Dr Groebel is also Head of the Department of International Relations/Postal Regulation at German regulator Bundesnetzagentur. CEER is the Council of European Energy Regulators, the non-profit association of Europe’s national energy regulatory authorities.
What regulatory challenges does energy transition currently bring and how does CEER deal with them?
The energy transition essentially means moving to a future of greatly increasing electrification of economic activities and extensive decarbonisation of the energy and other sectors such as transport, leading to reductions in the use of unabated natural gas (and other fossil fuels). This can only be accomplished with large increases in variable renewables and enhanced digitalisation of the energy sector. At the same time, more and more energy generation will be distributed, not only consumption.
Hence, the essential point is thinking about changes to a regulatory system that was originally designed for a system where fossil fuels and single-direction energy flows to inactive consumers were the mainstays of the system. CEER considers these changes in the framework of its ‘3D’ strategy: digitalisation in the consumer interest; decarbonisation at least cost; and dynamic regulation: European solutions for adaptive regulation in a fast-changing world.
What this means concretely is European regulators coming together to find pathways that deliver the energy transition in a reliable, consumer-benefiting and least-cost way. Two prime examples of that are CEER’s “Conclusions Paper on Dynamic Regulation to Enable Digitalisation of the Energy System”, published 10 October 2019, and the ACER-CEER Joint Conclusions Paper “The Bridge beyond 2025” [on the gas sector in the context of decarbonisation] published on 19 November 2019.
What is the impact on European consumers?
In terms of digitalisation, there is the potential for an enormous value proposition for consumers, including cost savings (increased efficiency); convenience (e.g. smart homes); choice (e.g. different types of pricing models); participation (active as consumers and even prosumers); and quality and security of supply (e.g. digitalisation is necessary for reliability in the context of greater variable renewable penetration).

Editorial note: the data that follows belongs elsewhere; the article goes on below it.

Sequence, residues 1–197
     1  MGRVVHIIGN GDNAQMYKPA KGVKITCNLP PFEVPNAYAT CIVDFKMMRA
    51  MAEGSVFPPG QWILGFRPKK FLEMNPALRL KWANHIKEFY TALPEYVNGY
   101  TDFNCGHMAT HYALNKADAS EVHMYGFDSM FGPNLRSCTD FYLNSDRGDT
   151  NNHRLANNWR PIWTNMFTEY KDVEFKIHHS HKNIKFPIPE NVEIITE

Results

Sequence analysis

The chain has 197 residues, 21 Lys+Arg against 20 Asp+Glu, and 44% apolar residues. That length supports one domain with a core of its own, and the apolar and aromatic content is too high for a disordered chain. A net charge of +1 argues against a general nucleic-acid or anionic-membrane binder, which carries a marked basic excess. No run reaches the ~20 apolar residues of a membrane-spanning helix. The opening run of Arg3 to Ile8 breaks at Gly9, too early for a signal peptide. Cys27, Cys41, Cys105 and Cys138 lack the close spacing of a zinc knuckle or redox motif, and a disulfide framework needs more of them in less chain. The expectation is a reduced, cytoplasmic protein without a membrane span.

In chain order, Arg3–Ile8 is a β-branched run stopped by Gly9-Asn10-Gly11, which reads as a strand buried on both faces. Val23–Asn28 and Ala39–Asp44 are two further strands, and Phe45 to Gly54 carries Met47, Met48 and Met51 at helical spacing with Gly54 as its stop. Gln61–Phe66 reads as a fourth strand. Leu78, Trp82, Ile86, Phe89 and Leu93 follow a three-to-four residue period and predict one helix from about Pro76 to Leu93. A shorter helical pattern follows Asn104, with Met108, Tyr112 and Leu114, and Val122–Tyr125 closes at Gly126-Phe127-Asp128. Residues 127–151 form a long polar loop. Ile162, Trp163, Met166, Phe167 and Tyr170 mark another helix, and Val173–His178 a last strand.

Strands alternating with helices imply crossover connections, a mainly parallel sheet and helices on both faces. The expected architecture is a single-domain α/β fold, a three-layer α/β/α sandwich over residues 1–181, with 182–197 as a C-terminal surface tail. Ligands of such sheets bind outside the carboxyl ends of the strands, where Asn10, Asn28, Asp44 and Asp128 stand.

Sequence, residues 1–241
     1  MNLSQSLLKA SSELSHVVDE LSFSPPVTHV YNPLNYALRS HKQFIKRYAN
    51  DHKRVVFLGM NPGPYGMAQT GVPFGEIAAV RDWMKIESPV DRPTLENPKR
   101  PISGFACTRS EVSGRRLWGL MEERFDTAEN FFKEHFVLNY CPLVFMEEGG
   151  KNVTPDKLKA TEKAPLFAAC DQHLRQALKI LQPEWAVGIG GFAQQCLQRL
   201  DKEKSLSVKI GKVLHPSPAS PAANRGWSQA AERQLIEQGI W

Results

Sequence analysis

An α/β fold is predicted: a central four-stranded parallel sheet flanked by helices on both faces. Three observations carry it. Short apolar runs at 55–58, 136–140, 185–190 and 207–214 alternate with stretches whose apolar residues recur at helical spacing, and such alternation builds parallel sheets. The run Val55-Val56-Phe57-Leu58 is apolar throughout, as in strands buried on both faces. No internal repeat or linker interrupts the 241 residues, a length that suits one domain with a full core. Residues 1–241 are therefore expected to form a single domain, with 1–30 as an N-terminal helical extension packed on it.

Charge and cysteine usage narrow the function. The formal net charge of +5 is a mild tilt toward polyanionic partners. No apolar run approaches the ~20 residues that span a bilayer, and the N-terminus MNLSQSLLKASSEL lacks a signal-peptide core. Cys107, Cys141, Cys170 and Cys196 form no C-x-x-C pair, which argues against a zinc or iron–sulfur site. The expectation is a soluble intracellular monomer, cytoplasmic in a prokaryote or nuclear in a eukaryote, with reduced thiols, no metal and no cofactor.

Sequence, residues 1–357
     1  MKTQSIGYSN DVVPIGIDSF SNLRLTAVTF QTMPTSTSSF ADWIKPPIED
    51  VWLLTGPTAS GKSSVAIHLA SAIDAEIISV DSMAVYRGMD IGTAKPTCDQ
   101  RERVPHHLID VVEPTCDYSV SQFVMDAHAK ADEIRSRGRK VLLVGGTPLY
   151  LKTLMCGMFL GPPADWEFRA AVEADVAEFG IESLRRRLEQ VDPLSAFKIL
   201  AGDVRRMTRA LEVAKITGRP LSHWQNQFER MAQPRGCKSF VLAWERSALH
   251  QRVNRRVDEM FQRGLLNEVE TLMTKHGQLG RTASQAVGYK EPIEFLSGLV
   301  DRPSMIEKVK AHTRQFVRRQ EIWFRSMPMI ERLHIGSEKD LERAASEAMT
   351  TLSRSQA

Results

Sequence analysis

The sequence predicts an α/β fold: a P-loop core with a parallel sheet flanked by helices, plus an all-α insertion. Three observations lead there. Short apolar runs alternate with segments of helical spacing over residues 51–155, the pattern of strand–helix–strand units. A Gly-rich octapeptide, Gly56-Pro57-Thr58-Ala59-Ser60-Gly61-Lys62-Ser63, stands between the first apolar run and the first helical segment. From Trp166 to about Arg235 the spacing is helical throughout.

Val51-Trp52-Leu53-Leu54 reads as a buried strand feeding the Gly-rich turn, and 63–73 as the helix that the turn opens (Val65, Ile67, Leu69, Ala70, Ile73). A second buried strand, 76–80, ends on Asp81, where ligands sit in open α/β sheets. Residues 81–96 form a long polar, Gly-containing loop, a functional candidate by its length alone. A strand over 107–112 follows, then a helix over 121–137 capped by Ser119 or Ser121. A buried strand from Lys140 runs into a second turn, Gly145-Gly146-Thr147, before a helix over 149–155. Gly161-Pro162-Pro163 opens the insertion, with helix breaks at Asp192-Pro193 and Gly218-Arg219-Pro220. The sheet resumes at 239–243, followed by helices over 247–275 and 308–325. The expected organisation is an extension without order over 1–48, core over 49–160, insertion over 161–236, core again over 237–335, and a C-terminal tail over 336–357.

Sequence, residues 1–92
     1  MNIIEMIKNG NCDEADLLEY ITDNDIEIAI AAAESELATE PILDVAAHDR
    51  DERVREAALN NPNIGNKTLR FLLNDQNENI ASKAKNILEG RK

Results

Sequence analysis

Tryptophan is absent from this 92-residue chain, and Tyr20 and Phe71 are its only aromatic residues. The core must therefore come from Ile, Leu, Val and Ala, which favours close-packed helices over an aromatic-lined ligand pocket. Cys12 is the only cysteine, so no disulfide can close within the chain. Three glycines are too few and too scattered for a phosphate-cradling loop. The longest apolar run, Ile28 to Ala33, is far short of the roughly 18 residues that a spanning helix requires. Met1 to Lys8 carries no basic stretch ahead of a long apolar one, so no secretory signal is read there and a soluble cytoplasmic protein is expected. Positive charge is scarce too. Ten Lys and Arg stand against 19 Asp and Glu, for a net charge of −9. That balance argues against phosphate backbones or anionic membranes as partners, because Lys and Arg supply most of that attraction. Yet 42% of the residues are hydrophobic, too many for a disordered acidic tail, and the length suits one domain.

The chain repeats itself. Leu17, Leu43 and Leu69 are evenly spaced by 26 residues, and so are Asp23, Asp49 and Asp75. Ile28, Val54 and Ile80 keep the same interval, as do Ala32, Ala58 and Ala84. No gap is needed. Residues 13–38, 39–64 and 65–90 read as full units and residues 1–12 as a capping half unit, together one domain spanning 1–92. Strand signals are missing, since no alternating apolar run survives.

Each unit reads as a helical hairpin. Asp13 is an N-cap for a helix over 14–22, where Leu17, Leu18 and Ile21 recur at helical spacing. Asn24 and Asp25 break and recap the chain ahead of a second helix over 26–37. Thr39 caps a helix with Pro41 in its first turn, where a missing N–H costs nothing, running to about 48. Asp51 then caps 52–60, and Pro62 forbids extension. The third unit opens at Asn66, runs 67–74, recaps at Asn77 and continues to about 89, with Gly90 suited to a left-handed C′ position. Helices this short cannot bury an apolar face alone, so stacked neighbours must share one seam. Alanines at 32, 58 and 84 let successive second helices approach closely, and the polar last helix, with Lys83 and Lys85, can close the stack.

In terms of decarbonisation, gas has been a mainstay of millions of European consumers both in terms of electricity generation and heating, yet decarbonisation is imperative: regulators seek to square that circle by ensuring that the externalities of carbon emissions are paid by the polluter rather than foisted upon consumers in an unfair and inefficient manner. Regulators seek to create a level playing field so that the market delivers to consumers in the context of changes such as increased electrification, renewable/green gas, hydrogen, power-to-gas and other developments at least cost. This level playing field extends to gas vs. electricity storage and tariffs as well.
Regulators could have a more significant role in assessing Projects of Common Interest to ensure that grids are restructured to absorb an increased share of renewables and green gases such that they maximise benefit for consumers.
What have been important consumer issues for CEER for many years that we see now in the final Clean Energy Package?
Among the consumer-friendly provisions that CEER has supported for years that we now see in the Clean Energy for All Europeans Package (CEP), we can cite faster and free supplier switching; comparison tools (for choosing supplier) available for all; clearer and simpler electricity bills; interoperability for customer data; economic smart meter roll-out; facilitating dynamic price contracts; and appropriate rules for energy communities.
CEER published three case-study reports this year that look more closely at how these provisions have been and can be put into effect. The CEER “Report on Implementing Consumer Rights of the Clean Energy for All Europeans Package”, published 7 August 2019, provides case studies to illustrate the relevant consumer protection rules, with respect to information requirements; on solutions for a standardised energy contract; illustrating billing-related issues; and finally, addressing how to make switching a supplier easier for customers.